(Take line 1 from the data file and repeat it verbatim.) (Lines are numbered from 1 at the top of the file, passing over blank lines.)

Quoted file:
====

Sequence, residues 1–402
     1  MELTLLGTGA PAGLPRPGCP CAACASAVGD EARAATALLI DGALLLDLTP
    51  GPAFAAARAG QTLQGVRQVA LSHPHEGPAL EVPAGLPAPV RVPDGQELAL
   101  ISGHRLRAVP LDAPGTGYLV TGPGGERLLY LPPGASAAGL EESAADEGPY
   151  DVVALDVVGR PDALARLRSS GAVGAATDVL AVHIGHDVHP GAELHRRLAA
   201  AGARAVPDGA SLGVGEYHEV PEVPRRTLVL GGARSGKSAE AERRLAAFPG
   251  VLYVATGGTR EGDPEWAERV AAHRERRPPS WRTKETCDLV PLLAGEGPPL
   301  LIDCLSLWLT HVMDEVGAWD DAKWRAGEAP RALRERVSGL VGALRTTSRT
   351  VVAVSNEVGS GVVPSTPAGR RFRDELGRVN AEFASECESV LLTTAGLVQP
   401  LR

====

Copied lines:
Sequence, residues 1–402